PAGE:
Imagine two people in the same general financial situation. One loses $50; the second finds $50. The first person should lose about as much satisfaction as the second person gains, right? Actually, it doesn't quite work out like that, thanks to a phenomenon known as loss aversion. First discovered by Daniel Kahneman and his associates, loss aversion is the human tendency to strongly prefer avoiding a loss to receiving a gain. This particular cognitive bias consistently explains why so many of us make the same irrational decisions over and over, in the realm of economics and elsewhere. Psychologist Laurie Santos has even observed economic behavior in capuchin monkeys that displays loss aversion much like that of humans.
Loss aversion neatly explains the phenomenon known as the endowment effect, the tendency for people to place a higher value on something they own than on an identical thing that they do not own. In 1990, Kahneman and others ran an experiment giving one third of the participants mugs, one third chocolates, and one third neither a mug nor chocolate. The participants then had the option of trading their mug for a chocolate (or vice versa); those with neither item were asked to choose which one they wanted. 86 percent of those who had started with mugs chose mugs, while ten percent of those who had started with chocolate chose mugs. However, only about half of those who had started with nothing chose mugs. Examining these numbers, it becomes obvious that starting out with the mug makes it seem extra desirable to the person who has it—that's the endowment effect.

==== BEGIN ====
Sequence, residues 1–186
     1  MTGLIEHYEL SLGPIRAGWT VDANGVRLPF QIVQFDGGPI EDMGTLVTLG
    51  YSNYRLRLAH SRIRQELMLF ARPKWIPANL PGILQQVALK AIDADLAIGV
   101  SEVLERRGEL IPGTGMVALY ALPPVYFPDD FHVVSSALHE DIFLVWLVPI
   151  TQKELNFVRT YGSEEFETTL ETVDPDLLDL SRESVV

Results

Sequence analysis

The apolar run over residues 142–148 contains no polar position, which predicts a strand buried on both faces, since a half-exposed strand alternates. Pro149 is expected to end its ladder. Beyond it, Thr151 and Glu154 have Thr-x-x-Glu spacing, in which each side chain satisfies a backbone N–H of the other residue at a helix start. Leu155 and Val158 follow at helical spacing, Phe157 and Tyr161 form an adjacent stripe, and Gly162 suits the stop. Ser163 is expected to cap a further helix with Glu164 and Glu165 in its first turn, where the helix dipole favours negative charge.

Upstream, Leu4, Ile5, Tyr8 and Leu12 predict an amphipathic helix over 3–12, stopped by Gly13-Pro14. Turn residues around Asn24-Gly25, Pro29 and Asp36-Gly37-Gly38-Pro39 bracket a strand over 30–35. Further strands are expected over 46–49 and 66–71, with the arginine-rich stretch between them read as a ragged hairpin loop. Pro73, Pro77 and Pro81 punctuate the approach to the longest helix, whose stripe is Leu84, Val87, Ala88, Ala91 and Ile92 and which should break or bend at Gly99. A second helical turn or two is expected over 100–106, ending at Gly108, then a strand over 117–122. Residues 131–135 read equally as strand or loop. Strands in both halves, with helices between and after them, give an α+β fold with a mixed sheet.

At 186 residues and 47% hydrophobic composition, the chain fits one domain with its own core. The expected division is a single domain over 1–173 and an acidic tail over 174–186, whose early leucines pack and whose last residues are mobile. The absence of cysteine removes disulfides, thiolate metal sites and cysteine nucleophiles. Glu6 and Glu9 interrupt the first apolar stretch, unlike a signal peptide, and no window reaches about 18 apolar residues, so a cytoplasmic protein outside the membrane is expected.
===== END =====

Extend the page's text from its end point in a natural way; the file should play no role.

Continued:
Loss aversion also explains why despite deciding you'll hate a movie ten minutes in, you'll stick it out for the whole two hours in misery. You've already paid for the ticket, so you don't want to waste money by not seeing the movie. But you won't get that money back if you stay, so why do you feel like you have to? The reason we’re inclined to throw good money after bad (which economists call the sunk cost fallacy) is a perfect example of loss aversion in action. If we've spent resources on something—whether it's as small as a ticket to a bad movie or as large as the billions of dollars spent in a war or social program that's not working out—we're inclined to stay the course so as not to waste what we've already spent. In other words, we want to avoid feeling the loss of what's been spent, so we stick with our plan, hoping for a gain, even when sometimes that just leads to a bigger loss in the long run.
Why are we so averse to loss? Like many cognitive biases, it conferred a big evolutionary advantage. All organisms survive by maximizing opportunities and minimizing threats. Because a loss of precious resources reads as a threat to our very survival, we're hardwired to try to hold on to what we have. In the terms of natural selection, it makes sense to try to avoid loss at all costs. But, of course, our ancestors didn't have to contend with the many complicated economic problems we find ourselves with now, which is why the loss aversion that helped us in the past often hurts us today.
photo by sara robertson